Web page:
So, for decades, there has been all of this fuss around Steely Dan’s “Aja”. Why? Because this album was innovative. It gave people something they had not heard before, in several ways. Even today it is pretty hard to put “Aja” into any genre drawer. Pop Jazz hits it pretty well. So does Jazz-Rock, since it contains elements of that kind. But where is the Blues aspect? The best solution would be to give “Aja” its own genre. The Aja Genre.

About the album’s lyrics, the “Rolling Stone” magazine’s critic Michael Duffy accurately says they “remain as pleasantly obtuse and cynical as ever”. Good.

“‘Aja’ marked the arrival of the ultimate Steely Dan posterity concept. Co-founders Walter Becker and Donald Fagen ensconced in L.A. and New York studios with their top shelf pick of the finest musicians and engineers that money could buy”, says music journalist A. Scott Galloway in Los Angeles, author of over 300 CD liner note essays and editor of the coffee table book “Down the Rhodes: The Fender Rhodes Story”.

“The result found their songs, rich with metaphor, mood, ambiguity and infinitely intriguing characters, becoming veritable movies of the mind for listeners, aural trips they could take for the rest of their lives and still discover fresh nuances from the lyrics, tracks, and instrumental solos to the gritty lead singing of Donald Fagen”, Galloway states.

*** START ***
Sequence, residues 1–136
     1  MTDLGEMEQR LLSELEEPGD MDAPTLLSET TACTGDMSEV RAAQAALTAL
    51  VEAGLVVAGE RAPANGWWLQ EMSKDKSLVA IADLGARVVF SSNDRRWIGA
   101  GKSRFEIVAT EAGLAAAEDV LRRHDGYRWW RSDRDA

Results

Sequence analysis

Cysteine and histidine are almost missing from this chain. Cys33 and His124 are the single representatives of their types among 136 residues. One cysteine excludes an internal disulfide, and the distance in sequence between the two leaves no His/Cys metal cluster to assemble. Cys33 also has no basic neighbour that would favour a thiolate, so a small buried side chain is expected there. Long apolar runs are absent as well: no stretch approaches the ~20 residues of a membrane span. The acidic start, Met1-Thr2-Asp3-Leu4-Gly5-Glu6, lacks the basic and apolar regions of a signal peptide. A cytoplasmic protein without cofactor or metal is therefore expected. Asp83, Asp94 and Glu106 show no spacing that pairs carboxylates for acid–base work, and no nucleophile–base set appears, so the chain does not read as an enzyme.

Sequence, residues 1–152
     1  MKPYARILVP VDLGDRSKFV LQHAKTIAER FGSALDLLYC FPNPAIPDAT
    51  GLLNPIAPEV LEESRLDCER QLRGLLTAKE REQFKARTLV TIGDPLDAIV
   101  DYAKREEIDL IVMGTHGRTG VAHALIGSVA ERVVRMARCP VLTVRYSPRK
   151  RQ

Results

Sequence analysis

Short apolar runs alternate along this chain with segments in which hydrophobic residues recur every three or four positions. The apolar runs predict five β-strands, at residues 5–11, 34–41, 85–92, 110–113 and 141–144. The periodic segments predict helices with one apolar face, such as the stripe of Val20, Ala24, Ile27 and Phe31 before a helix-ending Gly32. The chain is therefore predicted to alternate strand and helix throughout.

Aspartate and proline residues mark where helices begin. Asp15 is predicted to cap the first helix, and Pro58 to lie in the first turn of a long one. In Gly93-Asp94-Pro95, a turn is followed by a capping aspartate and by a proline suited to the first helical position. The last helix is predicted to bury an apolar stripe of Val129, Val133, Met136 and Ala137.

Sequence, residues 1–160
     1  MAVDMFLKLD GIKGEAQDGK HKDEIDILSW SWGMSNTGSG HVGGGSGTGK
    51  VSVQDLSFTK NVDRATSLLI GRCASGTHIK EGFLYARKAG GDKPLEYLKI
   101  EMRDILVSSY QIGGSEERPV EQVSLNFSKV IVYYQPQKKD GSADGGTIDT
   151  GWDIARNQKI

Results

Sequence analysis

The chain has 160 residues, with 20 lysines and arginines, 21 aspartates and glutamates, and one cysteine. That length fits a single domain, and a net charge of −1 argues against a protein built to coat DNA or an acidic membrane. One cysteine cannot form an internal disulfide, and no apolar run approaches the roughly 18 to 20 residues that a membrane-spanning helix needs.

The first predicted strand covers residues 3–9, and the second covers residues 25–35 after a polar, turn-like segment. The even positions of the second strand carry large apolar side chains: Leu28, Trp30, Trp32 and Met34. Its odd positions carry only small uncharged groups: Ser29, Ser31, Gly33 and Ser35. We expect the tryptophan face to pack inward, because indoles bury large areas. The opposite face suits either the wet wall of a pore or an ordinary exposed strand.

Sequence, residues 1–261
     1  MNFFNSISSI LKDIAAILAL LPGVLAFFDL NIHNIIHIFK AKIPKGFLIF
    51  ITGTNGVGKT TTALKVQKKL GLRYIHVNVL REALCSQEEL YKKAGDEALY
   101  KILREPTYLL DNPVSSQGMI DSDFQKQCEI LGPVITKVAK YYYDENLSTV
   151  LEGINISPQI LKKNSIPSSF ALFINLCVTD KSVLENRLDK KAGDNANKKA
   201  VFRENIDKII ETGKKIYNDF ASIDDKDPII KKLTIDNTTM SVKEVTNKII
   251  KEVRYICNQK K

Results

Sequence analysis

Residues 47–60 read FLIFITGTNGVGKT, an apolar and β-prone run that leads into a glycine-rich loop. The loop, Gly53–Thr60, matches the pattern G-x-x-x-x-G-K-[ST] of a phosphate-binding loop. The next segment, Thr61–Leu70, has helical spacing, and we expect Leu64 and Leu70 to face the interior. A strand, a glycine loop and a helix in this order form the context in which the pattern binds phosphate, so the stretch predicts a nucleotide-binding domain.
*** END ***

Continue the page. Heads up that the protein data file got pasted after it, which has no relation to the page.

Let’s get into the instrumental stuff. So, there is not a single instrumental tune on “Aja”, right? Wrong. At least there should have been one entitled “Stand by the Seawall”. Why was it removed at the last moment? We might never know. This tune is brilliant. It features some wonderful, jazzy guitar licks by Walter Becker and some more masterful playing by drummer Steve Gadd. “Stand by the Seawall” is an excellent composition too.

Steve Gadd, one of the most brilliant drummers, is on “Aja”. Photo by Stiopa.